by Jaye Sudar
The average American uses six plastic bags a week. At our present population, that is over 100 billion plastic bags a year. They can take between 15 and 1000 years to decompose, and as they are made from petroleum, that eventually adds to the cost of fuel. That is nearly 12 million barrels of oil for a year of bags. They are also one of the most prolific pollution items on the planet, as they are found floating in the oceans from pole to pole.
What′s wrong with this picture? Our blasé attitude. We blithely go shopping and don′t think twice about how we are getting that bag of carrots or toilet paper home. We are not in the habit of using our own bags. Yes, in the last year some of the big stores have finally started to sell reusable bags, but they actually depend on the consumer′s forgetfulness in order to increase profit. I know I′ve done it. Headed to the grocery store, gotten my items and when I get to the checkout, no bags. So, I buy another one for .99 cents. Granted, each reusable bag will save 22,000 bags from ending up in landfills. However, I have to remember to grab the bags in the first place!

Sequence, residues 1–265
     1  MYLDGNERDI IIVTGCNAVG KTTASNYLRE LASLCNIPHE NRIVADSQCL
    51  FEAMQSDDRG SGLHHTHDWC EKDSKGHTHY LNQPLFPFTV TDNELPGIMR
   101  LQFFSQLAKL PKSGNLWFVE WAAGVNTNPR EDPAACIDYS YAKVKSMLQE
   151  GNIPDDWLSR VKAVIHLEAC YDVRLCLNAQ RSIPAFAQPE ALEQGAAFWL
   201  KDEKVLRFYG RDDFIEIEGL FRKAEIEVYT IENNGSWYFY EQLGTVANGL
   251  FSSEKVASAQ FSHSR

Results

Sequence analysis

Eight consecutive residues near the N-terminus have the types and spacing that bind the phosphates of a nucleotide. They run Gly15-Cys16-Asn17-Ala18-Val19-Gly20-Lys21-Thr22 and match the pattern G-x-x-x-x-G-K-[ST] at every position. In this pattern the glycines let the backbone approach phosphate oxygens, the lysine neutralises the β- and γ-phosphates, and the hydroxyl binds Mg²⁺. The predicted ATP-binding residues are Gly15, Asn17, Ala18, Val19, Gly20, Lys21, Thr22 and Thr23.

It isn′t necessary to buy grocery bags. You can make them. Sewn, knitted or crocheted bags work just as well as the kind you buy. If you don′t sew, see if a friend can run up a few for you. This way they can be as colorful or creative as you wish. The important thing is to get into the habit of using reusable bags.
While you work on your plastic bag habit, take a good look at just how much plastic comes in your door and out into the garbage. An Englishwoman, Christine Jeavans, was amazed at just how much plastic she uses and throws away in a month. In order to try and fix her plastic habit, she has pledged to go a month using as little plastic as possible. www.bbc.co.uk/blogs/monthwithoutplastic/
Perhaps if we as consumers change our habits, the retail industry will take note and amend theirs.